4. Examine the practicalities of having up to 48 starting posts and winning posts;
5. Appreciate that it was not financially viable to have an open racecourse spread widely across the heath, with a finishing post barely 200 metres from the town centre;
6. Research how and why the Cambridgeshire Handicap has been contested over 3 different courses.
NOTE: The map does not make mention of 2 particular courses:-
(i) Sefton Course (also known as the Cambridge Road Course)
Source: 1970 Raceform. Used from 1959 to 1975.
(ii) New Circular Course
The Circular Handicap was run on Friday 29th October 1875 on the New Circular Course of about two miles.
Source: London Standard (30th October 1875): ''the horses started near the Turn of the Lands, ran back way of the Cambridgeshire Course towards the Ditch, and afterwards proceeded down the side of the Tan Gallop, and turned into the Rowley Mile near the Bretby Stakes starting post, finishing at the stand at the end of the flat. Except in the hollow near the Cambridgeshire start the runners should have been visible all the way if the sky had been bright and clear''.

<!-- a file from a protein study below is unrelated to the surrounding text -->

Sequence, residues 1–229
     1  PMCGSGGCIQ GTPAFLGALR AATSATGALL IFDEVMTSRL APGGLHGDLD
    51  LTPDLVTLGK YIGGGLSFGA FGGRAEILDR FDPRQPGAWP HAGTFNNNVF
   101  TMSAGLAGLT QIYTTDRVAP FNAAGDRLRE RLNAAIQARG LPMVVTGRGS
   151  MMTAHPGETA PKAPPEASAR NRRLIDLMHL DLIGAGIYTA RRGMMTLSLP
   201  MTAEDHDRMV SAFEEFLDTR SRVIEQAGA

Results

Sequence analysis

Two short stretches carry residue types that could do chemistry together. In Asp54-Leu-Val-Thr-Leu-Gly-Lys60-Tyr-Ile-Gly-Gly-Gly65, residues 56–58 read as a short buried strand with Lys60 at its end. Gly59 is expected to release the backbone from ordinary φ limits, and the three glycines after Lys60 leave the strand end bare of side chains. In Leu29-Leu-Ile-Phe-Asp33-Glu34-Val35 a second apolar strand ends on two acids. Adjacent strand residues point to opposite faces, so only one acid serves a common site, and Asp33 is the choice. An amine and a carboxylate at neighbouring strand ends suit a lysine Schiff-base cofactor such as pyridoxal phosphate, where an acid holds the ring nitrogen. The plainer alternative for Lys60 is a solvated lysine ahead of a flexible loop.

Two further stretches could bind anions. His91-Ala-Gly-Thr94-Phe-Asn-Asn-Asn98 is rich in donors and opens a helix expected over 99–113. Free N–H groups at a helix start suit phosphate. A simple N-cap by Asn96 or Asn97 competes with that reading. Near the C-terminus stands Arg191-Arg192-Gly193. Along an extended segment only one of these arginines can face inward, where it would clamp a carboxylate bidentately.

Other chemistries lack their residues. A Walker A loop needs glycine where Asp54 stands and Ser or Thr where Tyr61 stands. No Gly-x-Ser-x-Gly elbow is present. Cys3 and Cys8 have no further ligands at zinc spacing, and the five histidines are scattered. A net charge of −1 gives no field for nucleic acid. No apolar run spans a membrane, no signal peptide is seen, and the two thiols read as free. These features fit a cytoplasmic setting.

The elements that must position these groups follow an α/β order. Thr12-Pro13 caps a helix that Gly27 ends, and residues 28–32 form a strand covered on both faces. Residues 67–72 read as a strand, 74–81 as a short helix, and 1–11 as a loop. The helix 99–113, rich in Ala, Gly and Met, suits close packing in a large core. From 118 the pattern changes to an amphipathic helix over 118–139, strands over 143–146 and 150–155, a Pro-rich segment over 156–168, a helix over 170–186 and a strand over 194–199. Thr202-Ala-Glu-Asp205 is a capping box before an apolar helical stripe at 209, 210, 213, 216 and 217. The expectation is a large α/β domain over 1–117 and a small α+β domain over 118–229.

Another report hoped that the Circular Handicap would become a feature in future programmes, as it would be contested in front of the new grandstand which would be completed in about a year and would be able to accommodate thousands.
(I am grateful to Tim Cox for bringing attention to these 2 courses.)
Enjoy researching the intriguing history of Newmarket and its many racecourses.

The Southgate racing establishment on the Hamilton Road was, at one time, divided into 3 separate yards, but over time it has flitted between a single yard and up to 3 yards. The complex is located on the racecourse and gallops side of the Hamilton Road, providing easy access to the extensive Jockey Club gallops. To the right of Southgate Stables is Cedar Lodge, while on the left is Southgate Barn, Chestnut Tree Stables and Saffron Stables.

1986-1990 Ian Matthews
Ian Matthews, son of Lord Matthews, was born on 5th March 1962 and first took out a trainer's licence in 1986. He operated from Southgate Stables for 4 years and, in that time, sent out 50 winners on the Flat. He decided to hand in his licence in November 1989 to join a business in Jersey which his father, Lord Matthews, acquired. Former jockey Edward Hide became Matthew's Racing Manager, but in December 1990 Ian sold Southgate Stables to Julie Cecil.